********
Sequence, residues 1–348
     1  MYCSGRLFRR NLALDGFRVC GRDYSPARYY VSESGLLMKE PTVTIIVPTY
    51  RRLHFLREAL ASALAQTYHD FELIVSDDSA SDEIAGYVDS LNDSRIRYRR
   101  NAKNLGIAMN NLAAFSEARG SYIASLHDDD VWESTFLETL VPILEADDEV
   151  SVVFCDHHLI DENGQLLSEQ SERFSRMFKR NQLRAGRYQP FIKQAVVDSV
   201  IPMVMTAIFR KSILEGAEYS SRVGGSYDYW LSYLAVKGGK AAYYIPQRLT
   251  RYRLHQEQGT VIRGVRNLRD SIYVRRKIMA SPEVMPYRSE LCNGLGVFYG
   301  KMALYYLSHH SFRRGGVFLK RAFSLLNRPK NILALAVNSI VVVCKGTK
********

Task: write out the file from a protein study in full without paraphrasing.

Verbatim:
Sequence, residues 1–348
     1  MYCSGRLFRR NLALDGFRVC GRDYSPARYY VSESGLLMKE PTVTIIVPTY
    51  RRLHFLREAL ASALAQTYHD FELIVSDDSA SDEIAGYVDS LNDSRIRYRR
   101  NAKNLGIAMN NLAAFSEARG SYIASLHDDD VWESTFLETL VPILEADDEV
   151  SVVFCDHHLI DENGQLLSEQ SERFSRMFKR NQLRAGRYQP FIKQAVVDSV
   201  IPMVMTAIFR KSILEGAEYS SRVGGSYDYW LSYLAVKGGK AAYYIPQRLT
   251  RYRLHQEQGT VIRGVRNLRD SIYVRRKIMA SPEVMPYRSE LCNGLGVFYG
   301  KMALYYLSHH SFRRGGVFLK RAFSLLNRPK NILALAVNSI VVVCKGTK